So we should all join Labour?
Dave Vincent gives his view
Having read the three exchanges concerning the affiliation of Communist Students to the Labour Representation Committee in Weekly Worker January 13, I was then gobsmacked at the sneering complacency of Stan Keable's own diatribe the following week, in which he reports on the LRC's AGM and advocates the tired, old, worn-out line of 'Join Labour and turn it left' ('Cuts and rebuilding', January 20).
Of course, the fact Labour did so well in the Oldham and Saddleworth by-election has Labourites all excited that the party looks electable again so soon. Such people are not allies of those wanting to fight the coalition government's cuts. For these Labourite working class betrayers why build for a strike (harms Labour's electoral chances) or go on a demonstration - unless there is a Labour MP addressing the crowd on the need to vote Labour?
On the one hand, there is a disunited left - although, as Lee Rock's report on the Coalition of Resistance's national council meeting in the same issue states, COR does seem better than the Socialist Workers Party's Right to Work at bringing the left together ('Good turnout, timid politics', January 20). On the other hand, there is the 'Join Labour and turn it left' brigade - a combination of young people who do not know any better and many an old Labourite who should know better in a classic case of the triumph of hope over experience.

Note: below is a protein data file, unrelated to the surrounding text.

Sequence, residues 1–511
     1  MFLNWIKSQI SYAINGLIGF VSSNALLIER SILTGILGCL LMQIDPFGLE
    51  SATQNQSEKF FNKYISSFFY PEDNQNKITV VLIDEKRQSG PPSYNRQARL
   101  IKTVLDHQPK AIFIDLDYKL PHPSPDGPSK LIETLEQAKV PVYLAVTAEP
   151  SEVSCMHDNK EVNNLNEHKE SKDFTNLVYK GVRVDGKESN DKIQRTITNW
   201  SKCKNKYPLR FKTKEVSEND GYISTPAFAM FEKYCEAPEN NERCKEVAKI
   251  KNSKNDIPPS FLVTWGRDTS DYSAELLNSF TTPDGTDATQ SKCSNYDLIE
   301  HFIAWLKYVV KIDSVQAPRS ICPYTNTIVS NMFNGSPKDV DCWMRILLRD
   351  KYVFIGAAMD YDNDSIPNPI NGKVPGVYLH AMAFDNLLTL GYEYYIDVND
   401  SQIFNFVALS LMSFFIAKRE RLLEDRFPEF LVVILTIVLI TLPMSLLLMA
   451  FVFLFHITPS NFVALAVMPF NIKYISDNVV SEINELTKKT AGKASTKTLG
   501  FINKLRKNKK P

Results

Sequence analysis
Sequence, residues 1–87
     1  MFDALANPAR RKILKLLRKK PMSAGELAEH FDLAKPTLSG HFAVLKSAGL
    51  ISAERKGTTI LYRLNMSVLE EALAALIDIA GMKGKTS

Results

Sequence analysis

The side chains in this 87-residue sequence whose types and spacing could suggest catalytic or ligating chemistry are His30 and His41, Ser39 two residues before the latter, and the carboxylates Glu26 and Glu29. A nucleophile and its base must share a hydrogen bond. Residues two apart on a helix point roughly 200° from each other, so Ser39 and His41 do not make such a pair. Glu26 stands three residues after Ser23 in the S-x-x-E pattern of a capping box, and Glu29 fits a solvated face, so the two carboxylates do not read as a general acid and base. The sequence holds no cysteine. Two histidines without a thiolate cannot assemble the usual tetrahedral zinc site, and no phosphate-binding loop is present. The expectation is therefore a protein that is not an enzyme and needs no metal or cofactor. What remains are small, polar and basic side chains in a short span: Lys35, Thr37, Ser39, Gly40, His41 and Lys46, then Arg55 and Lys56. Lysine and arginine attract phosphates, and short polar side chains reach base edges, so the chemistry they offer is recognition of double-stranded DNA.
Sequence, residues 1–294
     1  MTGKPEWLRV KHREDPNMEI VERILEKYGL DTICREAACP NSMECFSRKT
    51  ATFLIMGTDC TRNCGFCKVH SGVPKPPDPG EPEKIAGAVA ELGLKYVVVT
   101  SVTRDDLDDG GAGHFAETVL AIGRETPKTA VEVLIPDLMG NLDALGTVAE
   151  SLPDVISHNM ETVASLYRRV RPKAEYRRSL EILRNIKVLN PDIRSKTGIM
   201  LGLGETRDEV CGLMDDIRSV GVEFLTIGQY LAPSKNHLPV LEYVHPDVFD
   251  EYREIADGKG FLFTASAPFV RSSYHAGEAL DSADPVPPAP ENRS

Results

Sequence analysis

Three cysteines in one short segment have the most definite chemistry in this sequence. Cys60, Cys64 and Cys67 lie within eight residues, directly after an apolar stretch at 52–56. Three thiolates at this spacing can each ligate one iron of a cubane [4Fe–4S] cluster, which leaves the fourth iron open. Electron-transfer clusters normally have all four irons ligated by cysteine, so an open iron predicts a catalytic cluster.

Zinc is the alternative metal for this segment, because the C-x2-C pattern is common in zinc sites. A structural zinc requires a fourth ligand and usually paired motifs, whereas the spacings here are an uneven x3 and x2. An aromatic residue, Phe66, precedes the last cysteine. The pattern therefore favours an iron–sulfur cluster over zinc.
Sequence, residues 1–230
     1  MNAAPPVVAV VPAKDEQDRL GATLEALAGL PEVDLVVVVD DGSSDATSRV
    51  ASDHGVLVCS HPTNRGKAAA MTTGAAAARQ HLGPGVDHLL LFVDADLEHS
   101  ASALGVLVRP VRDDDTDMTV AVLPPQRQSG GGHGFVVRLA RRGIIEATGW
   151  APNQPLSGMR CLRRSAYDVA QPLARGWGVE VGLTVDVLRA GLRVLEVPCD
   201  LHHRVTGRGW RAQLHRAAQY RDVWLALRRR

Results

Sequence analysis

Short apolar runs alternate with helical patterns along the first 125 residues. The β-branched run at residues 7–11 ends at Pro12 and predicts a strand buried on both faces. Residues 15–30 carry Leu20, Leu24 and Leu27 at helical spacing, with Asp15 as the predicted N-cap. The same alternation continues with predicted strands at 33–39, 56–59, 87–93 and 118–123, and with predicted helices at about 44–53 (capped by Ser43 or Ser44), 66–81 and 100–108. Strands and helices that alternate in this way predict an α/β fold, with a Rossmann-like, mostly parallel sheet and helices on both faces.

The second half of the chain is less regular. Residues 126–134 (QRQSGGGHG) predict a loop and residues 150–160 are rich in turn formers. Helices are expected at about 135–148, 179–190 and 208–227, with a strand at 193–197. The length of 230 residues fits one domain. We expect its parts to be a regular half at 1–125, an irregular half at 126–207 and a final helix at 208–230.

I provide my perspective on this as someone who did not go to grammar school or university, went into office work at age 16, and now at 52 am a busy Public and Commercial Services union lay rep (branch secretary for 26 years now). I started out with rightwing views, was educated to move to socialism by the left in what was then the Civil and Public Services Association and remain an independent socialist.
I was in the SWP in the 1990s and, having stood it for a few years, left because of the complete lack of internal democracy. I joined Left Unity in PCS, but eventually left because I cannot accept its yearly pact with the PCS Democrats and the stifling Socialist Party control of Left Unity, the national executive and conference - though PCS under SP control is way better than when it was under the control of the right.